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29Oct, 22
Clean Food Love
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Roasted Pumpkin Buddha Bowls

Tis’ the season for roasting vegetables, squash, and pumpkin! The weather is cooling down A LOT so we’re using the oven more often.

Ever consider turning that cute pumpkin sitting in your kitchen into part of a savory meal (instead of sweet pie🥧)? Well hopefully you’ll find some inspiration here to branch out (vine out 🤣) and try something new this Autumn 🍂

These bowls are plant-based and extremely hearty, satisfying, and really darn tasty thanks to a fabulous homemade dressing.

Of course, if you’re like me and require more protein, you can add some cooked chicken or shrimp to your finished bowls.

If you don’t have a fresh pumpkin on hand, then butternut squash, yams, or sweet potatoes will work just as well for this recipe.

🎃 Are you a pumpkin fan?

I’m not just a fan. I’m completely obsessed. COMPLETELY.

There are SO MANY reasons to add pumpkin to your diet – it’s loaded with vitamins, minerals, and plant compounds that are good for you.

PLUS … it’s low in calories and tastes great.

Here are just a few of pumpkin’s benefits: it’s good for your vision and immune health, and it may even help reduce your risk of cancer!

Pumpkin also protects your heart, lungs, and kidneys, helps battle high blood pressure and it’s good for your skin.

Eating pumpkin can keep us looking young thanks to beta-carotene that helps protect us from the sun’s wrinkle-causing UV rays = younger-looking skin.


Which Pumpkins are Edible?

Can we eat just *any* Pumpkin?

Yes! We can. Every pumpkin is totally edible…but some pumpkins are better than others.

Every part of the pumpkin is edible: young stems, leaves, shoots, and tendrils of pumpkin plants. If you are harvesting your own pumpkin stems, be sure to only use the young bright green shoots. We’re NOT talking about the thick dried-up stem (that would be like eating a tree branch – I’m only guessing here, lol). So try the leaves, shoots, and stems when they are young and still tender enough to eat.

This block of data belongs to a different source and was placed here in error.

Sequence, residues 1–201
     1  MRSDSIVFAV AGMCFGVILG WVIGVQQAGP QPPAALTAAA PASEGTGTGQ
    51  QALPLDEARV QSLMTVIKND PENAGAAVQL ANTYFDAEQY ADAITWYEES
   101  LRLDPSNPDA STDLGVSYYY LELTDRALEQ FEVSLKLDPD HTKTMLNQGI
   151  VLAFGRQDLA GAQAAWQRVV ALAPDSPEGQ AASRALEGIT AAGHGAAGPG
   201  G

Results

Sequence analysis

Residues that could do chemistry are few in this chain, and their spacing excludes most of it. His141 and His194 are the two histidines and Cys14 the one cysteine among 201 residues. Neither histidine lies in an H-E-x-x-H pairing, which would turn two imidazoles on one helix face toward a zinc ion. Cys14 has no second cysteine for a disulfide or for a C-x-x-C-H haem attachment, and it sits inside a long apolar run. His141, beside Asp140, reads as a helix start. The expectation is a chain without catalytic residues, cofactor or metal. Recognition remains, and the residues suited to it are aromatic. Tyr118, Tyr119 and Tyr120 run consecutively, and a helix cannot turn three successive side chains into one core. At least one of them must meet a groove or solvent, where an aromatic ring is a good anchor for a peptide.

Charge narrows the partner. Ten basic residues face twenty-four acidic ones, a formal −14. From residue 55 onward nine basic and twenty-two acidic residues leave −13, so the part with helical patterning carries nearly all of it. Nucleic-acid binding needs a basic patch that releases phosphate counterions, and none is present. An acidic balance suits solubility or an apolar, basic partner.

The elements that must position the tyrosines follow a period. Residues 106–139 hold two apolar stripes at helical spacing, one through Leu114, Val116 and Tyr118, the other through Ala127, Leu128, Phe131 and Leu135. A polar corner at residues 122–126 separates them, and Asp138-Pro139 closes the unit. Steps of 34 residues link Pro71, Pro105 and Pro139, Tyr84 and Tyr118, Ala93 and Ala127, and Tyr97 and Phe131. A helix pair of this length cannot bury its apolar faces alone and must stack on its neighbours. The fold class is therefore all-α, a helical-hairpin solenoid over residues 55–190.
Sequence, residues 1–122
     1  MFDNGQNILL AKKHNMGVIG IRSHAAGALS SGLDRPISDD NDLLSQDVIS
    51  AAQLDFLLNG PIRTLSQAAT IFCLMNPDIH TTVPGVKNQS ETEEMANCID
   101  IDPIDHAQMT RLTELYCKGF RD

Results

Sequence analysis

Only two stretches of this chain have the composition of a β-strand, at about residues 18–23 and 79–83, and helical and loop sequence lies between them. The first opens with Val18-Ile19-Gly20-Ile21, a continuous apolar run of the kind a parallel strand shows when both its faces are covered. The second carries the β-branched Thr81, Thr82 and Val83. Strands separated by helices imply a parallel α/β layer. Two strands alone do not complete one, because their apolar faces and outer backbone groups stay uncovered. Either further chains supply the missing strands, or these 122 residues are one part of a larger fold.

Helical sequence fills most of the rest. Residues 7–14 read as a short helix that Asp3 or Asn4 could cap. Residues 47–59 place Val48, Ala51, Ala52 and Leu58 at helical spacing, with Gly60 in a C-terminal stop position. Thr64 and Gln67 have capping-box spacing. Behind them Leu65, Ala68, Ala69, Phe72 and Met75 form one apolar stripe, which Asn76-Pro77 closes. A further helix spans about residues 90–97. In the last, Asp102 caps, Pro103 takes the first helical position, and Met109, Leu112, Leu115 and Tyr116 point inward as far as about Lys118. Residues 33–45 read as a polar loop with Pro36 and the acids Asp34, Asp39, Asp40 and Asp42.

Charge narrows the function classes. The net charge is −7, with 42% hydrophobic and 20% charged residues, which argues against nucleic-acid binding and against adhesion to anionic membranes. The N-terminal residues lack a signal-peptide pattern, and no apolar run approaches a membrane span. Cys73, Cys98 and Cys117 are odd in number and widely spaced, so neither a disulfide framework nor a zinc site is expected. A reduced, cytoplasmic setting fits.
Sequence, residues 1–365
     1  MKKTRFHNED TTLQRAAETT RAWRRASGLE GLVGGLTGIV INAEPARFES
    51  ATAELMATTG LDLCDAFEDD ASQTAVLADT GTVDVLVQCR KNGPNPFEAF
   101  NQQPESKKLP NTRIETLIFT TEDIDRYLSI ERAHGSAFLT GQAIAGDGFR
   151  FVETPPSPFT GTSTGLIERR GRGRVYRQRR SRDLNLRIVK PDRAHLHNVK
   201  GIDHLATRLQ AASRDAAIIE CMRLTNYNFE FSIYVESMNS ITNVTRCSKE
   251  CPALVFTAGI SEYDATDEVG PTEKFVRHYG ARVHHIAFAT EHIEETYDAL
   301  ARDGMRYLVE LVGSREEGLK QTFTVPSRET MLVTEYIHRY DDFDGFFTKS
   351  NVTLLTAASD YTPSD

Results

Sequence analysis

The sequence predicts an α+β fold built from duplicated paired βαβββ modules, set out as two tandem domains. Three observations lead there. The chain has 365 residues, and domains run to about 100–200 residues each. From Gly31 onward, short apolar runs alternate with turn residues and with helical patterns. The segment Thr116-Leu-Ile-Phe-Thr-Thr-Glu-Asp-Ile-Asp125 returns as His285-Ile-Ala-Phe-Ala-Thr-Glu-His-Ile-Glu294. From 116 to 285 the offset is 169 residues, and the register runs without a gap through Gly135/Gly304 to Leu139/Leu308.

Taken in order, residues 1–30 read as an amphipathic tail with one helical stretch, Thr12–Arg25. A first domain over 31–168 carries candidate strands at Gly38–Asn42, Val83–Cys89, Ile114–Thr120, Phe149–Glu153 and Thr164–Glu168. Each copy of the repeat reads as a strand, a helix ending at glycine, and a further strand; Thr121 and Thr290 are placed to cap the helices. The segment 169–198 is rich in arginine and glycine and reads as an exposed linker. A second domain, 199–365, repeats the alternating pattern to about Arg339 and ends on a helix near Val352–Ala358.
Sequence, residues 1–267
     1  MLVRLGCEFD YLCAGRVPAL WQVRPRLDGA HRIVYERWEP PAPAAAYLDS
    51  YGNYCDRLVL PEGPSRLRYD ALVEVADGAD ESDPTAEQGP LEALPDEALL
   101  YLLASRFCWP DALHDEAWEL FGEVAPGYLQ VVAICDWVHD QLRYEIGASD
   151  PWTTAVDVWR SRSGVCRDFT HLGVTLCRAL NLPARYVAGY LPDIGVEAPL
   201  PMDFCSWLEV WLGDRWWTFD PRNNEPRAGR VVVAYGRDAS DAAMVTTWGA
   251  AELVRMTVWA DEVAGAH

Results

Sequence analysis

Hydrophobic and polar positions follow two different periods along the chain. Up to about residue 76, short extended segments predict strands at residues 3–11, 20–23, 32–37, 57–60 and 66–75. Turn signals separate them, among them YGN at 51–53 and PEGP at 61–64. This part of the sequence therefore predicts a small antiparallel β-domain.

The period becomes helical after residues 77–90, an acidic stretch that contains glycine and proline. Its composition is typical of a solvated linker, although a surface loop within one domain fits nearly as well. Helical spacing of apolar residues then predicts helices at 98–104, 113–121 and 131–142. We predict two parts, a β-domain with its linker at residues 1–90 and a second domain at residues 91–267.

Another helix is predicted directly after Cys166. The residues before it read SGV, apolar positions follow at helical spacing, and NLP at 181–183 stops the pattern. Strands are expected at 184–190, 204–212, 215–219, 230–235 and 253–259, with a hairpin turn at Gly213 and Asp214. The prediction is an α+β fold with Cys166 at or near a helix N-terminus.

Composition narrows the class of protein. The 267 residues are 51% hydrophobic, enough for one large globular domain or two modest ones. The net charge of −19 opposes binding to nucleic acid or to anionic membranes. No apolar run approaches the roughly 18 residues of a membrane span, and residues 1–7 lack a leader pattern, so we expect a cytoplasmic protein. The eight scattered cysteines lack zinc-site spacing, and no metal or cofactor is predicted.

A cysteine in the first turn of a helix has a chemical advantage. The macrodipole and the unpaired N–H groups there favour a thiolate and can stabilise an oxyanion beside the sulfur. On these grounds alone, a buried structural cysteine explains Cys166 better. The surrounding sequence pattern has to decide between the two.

You can try adding them to soups, stir-fries, and skillet meals. I even remember my grandmother stuffing pumpkin blossoms for a special harvest meal once when I was young.

You can eat the pumpkin plant leaves, the pumpkin blossoms, the entire pumpkin itself, and the seeds inside any pumpkin.

BUT – just because every pumpkin is edible doesn’t mean they will all equally taste good.

Some pumpkin varieties are truly best for carving or decorating, and then there are others that taste best for eating.

Have fun experimenting with different types of pumpkins if you have a few different ones you want to try cooking with! Hit up those local farm stands for the best variety.

Best Pumpkins for Eating

The VERY BEST tasting pumpkins for roasting and cooking (like this recipe below, soups, and treats) are those labeled as “sugar” or “pie” pumpkins which are smaller and sweeter pumpkins.

There are a few larger pumpkin varieties such as cinderella pumpkins, fairytale pumpkins, and jarrahdale pumpkins that are also pretty good to cook up and use in your recipes!

The pumpkins typically used to make Jack O’ Lanterns are still fine to eat but they are pretty bland. Save the seeds because they are great for roasting though!

One other thing to note: Butternut squash can be substituted for pumpkin in pretty much any pumpkin recipe, which is great because some years pumpkins are more difficult to find.

Also, try our Butternut Squash Bowls.

4 servings


For the Roasted Pumpkin:

  • 1-1/2 lbs pumpkin, peeled, cut into 1-inch cubes
  • 2 fresh garlic cloves, minced
  • 1 Tbsp olive oil or avocado oil
  • sea salt and pepper, to taste

For the Roasted Veggies:

  • 2 carrots, peeled and thinly sliced
  • 2 fresh zucchini, cut into half moons
  • 1-pint cherry tomatoes
  • 1 Tbsp olive oil or avocado oil
  • 2 tsps Italian seasoning
  • sea salt and pepper to taste

For the Dressing:

  • 4 Tbsps tahini or sesame paste
  • 2 Tbsps sesame oil
  • 2 Tbsps maple syrup or raw honey
  • 1 Tbsp apple cider vinegar or freshly squeezed lemon juice
  • 1/2 tsp garlic powder or 2 cloves fresh garlic, pressed
  • sea salt and pepper, to taste

For the Buddha Bowls:

  • 1 cup cooked brown rice or quinoa
  • 1 cup cooked edamame
  • 1 English cucumber, cut into ribbons with a vegetable peeler
  • freshly chopped cilantro
  • sesame seeds


➡️To make the roasted pumpkin:

Preheat your oven to 400 degrees f. and line 2 large baking trays with parchment paper.

Place the pumpkin cubes in a large bowl. Add in garlic, sea salt, pepper, and oil. Toss well to evenly coat, then transfer to

one of the prepared baking trays. Arrange in a single layer, then roast in your preheated oven for 30-35 minutes, until golden and tender.

➡️To make the roasted veggies:

Meanwhile, using the second prepared baking tray, layer the carrots, zucchini, and cherry tomatoes. Drizzle with oil then sprinkle Italian seasoning, sea salt, and pepper to taste. Toss to coat everything well, then roast for about 15 minutes in your preheated oven.

➡️To make the dressing:

Place all dressing ingredients in a small bowl and whisk until well combined.

➡️To assemble your Buddha Bowls:

Divide the rice or quinoa evenly among 4 serving bowls.

Arrange roasted pumpkin and veggies as desired nicely around the bowls as shown in the photos, to be able to see a bit of each.

Fill the empty spaces with edamame and cucumber ribbons.

Garnish with freshly chopped cilantro and sesame seeds.

➡️To serve the bowls:

Drizzle with dressing as desired then dig in and enjoy!


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